Inclusive Innovation: Accessibility in Microsoft Products
As part of our continuing partnership with WORKink Alberta, we were ecstatic to welcome John Weigelt, National Technology Officer at Microsoft, to our office last week to host two workshops on the accessibility features built in to Microsoft products. These workshops offered valuable insight into the future of computing and highlighted Microsoft’s ongoing commitment to create technology accessible to everyone.
Describing accessibility as the best kept secret at Microsoft, John gave a hands on demonstration of the many features. He believes the future of technology is inherently inclusive as computing becomes more natural and predictive. As part of this movement, he emphasized there are many forces shaping the advancement of accessible technology:
- 1. Demographics: An aging population means the proportion of persons living with disabilities is increasing.
- 2. Social responsibility: Many organizations have ongoing commitments to diversity and the development of products for all people.
- 3. Advancing technology: Touch screens, voice recognition, natural user interfaces and a host of other innovations are making computing devices inherently more accessible.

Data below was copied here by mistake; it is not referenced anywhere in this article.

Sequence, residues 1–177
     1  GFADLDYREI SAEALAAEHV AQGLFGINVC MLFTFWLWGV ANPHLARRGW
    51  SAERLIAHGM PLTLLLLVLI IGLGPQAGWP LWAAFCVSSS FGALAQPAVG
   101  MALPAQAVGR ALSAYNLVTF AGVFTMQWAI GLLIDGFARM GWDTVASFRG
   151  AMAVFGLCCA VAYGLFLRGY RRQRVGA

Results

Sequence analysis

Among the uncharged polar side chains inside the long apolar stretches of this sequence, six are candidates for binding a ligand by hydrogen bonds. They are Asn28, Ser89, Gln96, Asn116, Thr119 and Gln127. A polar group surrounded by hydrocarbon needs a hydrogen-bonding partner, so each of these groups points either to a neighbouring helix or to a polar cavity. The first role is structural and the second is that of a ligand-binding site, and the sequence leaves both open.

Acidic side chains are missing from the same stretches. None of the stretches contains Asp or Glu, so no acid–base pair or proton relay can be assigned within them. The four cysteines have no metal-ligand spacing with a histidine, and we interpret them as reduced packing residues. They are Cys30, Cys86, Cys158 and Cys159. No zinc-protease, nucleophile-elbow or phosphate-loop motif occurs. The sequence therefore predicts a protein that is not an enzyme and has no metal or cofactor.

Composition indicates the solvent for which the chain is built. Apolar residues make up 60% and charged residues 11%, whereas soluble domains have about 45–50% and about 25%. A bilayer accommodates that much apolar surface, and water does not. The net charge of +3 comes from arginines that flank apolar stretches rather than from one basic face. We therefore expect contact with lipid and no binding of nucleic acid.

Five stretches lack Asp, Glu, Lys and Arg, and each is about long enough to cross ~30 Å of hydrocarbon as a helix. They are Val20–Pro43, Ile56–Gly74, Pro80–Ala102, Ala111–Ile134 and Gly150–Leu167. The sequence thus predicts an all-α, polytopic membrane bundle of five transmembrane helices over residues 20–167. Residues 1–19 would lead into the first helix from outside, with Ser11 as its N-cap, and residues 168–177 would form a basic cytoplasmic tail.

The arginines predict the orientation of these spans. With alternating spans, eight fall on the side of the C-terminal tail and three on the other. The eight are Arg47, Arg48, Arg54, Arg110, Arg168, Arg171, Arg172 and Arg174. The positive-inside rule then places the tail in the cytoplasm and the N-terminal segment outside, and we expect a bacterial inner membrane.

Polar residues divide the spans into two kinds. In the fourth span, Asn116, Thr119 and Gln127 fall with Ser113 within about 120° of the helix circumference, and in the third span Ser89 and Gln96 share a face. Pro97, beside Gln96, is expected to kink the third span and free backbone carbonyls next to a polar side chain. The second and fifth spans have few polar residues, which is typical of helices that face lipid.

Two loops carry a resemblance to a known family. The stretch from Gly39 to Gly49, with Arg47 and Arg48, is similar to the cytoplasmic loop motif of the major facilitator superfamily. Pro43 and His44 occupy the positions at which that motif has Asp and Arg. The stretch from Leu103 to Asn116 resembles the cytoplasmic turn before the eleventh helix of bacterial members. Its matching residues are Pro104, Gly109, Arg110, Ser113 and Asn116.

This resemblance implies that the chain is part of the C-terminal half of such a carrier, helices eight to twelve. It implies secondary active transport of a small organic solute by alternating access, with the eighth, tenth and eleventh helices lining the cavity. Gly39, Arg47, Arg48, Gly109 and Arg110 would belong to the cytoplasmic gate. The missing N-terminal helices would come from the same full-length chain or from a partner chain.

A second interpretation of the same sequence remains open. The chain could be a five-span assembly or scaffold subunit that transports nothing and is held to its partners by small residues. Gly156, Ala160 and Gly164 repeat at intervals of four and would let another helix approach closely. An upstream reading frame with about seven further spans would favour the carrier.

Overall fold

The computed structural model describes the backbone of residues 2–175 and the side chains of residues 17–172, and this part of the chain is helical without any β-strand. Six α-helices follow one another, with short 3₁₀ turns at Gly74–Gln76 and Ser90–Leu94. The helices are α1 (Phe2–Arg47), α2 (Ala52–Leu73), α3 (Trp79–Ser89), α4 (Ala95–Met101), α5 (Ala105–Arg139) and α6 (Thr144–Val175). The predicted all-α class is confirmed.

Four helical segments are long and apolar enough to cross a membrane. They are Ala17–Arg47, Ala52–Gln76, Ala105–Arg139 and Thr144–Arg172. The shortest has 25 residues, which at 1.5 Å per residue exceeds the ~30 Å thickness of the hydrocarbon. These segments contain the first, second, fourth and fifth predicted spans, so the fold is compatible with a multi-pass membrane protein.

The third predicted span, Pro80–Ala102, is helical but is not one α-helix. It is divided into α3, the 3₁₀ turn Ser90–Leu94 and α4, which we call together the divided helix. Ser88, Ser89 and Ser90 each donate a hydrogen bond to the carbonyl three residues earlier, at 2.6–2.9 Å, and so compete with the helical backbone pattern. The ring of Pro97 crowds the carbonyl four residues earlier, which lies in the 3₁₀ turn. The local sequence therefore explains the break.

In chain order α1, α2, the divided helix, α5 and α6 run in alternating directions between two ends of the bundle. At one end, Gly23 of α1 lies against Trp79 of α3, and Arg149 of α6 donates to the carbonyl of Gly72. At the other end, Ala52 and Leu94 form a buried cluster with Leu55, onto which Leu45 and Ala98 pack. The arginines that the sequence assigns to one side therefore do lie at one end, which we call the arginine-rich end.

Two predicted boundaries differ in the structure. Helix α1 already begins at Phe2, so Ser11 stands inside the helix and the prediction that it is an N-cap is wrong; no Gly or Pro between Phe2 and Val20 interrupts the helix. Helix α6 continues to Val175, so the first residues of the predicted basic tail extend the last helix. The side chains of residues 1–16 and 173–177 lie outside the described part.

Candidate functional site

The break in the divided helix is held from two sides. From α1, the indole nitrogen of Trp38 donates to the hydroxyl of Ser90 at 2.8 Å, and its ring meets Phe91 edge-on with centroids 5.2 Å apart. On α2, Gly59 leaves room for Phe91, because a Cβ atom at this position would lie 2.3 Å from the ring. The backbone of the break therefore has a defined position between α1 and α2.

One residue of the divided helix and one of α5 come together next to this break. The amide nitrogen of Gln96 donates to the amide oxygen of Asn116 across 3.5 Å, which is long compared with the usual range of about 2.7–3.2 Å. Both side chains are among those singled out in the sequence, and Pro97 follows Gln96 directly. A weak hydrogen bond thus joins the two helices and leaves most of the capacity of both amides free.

- 4. Market demands: Developing technology useable by people with a wide range of preferences and abilities is sound business.
Microsoft says 57% of people can benefit from accessible technology (source). This involves thinking beyond traditional disabilities such as visual or hearing impairments, to temporary conditions like eye fatigue or stress in the extremities, to a general customer preference for easier to use products. In short, Microsoft recognizes that accessibility is synonymous with their commitment to create easy to use and versatile software.
John demonstrated first hand some of the accessibility features included in Windows 7 and Microsoft Office 2010. To learn more about these features visit www.microsoft.com/enable or simply get started by watching this video.
It became obvious through the workshop that literally anyone can benefit from knowing about the accessibility features in Microsoft software and using them in their home or workplace. Exploring accessibility options in Windows 7 or Office 2010 is a great place to start for anyone interested in making their computer or software easier and more comfortable to use.
We would like to extend a big thank you to Microsoft Canada, WORKink Alberta and John for hosting the workshops and also to everyone who attended.